Police are looking for a man who they said opened fire at a Waffle House restaurant near Nashville early Sunday morning, killing four and injuring several.

The man arrived at the restaurant just before 3:30 am and shot two people outside with a rifle, killing them, Metro Nashville Police Department spokesman Don Aaron told reporters. The man then went inside and fired several more shots, killing a third person, Aaron said.

Police later identified the suspect as 29-year-old Travis Reinking.

At one point, Aaron said, a customer saw the gunman struggling with the rifle and wrestled the weapon away from the suspect and tossed it across the counter. The shooter ran away, taking off a green jacket a short distance from the restaurant and apparently walking nude in the area.


Police said that a man believed to be Reinking was last seen in a wooded area near an apartment complex less than a mile away from the Waffle House. He was seen wearing black pants and had no shirt on.

A total of six people were shot, Aaron said. One of them - the fourth fatality - later died at Vanderbilt University Medical Center. Two others remain in critical condition at the medical center, hospital spokeswoman Jennifer Wetzel said.

Southern Hills Medical Center treated two other people associated with the shooting for minor injuries, and they have been released. Hospital spokeswoman Katie Radel said she can't say how the two were injured.

Police later identified the suspect as 29-year-old Travis Reinking, who fled after the shooting.
Police later identified the suspect as 29-year-old Travis Reinking, who fled after the shooting.

Police initially identified Reinking, of Morton, Illinois, as a person of interest, but Aaron told reporters that witnesses' description of the gunman matched Reinking's picture.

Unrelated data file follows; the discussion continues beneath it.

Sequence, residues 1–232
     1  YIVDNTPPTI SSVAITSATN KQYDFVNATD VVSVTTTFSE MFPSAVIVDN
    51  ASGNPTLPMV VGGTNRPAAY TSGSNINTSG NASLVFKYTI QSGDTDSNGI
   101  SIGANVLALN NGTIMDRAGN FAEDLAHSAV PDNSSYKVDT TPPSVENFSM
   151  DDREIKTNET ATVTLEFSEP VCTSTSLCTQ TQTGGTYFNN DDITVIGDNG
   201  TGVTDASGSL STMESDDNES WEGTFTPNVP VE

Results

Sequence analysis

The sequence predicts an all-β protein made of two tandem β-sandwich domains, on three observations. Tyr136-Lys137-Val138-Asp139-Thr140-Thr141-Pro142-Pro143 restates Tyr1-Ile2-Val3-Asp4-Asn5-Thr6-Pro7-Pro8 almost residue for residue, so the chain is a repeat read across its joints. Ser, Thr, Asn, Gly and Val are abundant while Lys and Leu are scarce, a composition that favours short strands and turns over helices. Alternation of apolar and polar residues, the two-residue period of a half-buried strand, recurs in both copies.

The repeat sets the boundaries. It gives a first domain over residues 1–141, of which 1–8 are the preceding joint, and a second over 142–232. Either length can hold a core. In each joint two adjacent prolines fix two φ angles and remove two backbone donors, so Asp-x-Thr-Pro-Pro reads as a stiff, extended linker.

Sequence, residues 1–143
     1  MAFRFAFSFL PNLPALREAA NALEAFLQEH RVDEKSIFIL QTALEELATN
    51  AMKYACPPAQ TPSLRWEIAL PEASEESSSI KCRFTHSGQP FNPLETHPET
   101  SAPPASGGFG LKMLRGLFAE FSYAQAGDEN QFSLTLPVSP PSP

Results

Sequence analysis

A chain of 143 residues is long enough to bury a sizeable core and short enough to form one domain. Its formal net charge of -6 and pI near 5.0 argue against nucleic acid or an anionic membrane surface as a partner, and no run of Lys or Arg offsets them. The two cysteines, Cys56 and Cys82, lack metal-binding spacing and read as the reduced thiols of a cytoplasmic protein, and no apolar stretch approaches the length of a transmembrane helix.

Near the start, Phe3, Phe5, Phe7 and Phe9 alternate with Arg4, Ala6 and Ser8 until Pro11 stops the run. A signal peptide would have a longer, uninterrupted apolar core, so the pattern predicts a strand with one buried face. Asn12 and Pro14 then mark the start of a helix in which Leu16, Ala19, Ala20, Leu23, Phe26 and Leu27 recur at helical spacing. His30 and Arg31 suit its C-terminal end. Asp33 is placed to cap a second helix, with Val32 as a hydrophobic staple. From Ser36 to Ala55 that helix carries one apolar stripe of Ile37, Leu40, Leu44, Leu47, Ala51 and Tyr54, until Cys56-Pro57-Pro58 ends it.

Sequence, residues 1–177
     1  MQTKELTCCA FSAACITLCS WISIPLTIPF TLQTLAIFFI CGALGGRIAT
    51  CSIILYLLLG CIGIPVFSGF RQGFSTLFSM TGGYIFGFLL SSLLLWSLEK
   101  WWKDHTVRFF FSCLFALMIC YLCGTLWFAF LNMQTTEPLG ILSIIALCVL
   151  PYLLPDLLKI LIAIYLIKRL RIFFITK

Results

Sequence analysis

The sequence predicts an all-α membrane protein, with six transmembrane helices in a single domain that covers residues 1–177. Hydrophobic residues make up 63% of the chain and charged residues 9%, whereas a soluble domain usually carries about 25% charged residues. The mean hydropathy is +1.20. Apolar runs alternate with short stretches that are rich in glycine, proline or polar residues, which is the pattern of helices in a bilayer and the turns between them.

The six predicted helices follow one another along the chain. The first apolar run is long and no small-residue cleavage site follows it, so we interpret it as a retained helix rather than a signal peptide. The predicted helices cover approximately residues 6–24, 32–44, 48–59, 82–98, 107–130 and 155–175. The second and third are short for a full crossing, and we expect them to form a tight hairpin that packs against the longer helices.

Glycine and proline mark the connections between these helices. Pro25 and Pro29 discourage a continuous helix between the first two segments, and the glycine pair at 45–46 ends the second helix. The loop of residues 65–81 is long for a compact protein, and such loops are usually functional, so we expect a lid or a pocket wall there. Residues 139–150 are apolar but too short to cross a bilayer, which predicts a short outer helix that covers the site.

"No warrants have been issued, but I think it's safe to say that person of interest and suspect in this matter is synonymous," he said.

"Individuals in this area need to know that this Travis Reinking is at large," Aaron added. "We're doing everything we can to find him."

Police have not detailed a motive for the shooting. Investigators also do not know why the suspect was in the Nashville area, more than 400 miles from his home town, or whether he has local ties. Aaron told reporters that investigators have reached out to Illinois law enforcement and have since learned that Reinking had been "known to associate with firearms."

Police don't believe Reinking is still armed, though they're not ruling out that possibility.


Aaron said he does not have information yet on the identities of the victims, or whether they were customers or employees.

Police shared a photo of the weapon, an AR-15 style semiautomatic rifle, which shows the gun with its safety off.

Witness Chuck Cordero told the Tennessean that the gunman arrived and immediately began shooting.

"He did not say anything," Cordero said. "He pulled up, got out of his car and was all business."

The 50-year-old said the man who wrestled the rifle from the shooter saved lives.

"Had that guy had a chance to reload his weapon, there was plenty more people in that restaurant."

Nashville Mayor David Briley said in a tweet Sunday that it was a tragic day for the city "anytime people lose their lives at the hands of a gunman."

"My heart goes out to the families & friends of every person who was killed or wounded in this morning's shooting. I know all of their lives will be forever changed by this devastating crime," he said.

A spokeswoman for Waffle House said a team from its corporate office in Atlanta is headed to Tennessee to assist investigators.

"We are deeply saddened by this tragic incident. Right now, our first thoughts are with the victims and their families, and we will be there for them in this most difficult time … This is a very sad day for the Waffle House family, and we ask everyone to keep the victims and their families in their thoughts and prayers," the company said in a statement.

The shooting happened about two miles from a church where a masked gunman killed one person and injured several others in September. The shooting at Burnette Chapel Church of Christ in Antioch, Tennessee, left a 39-year-old woman dead.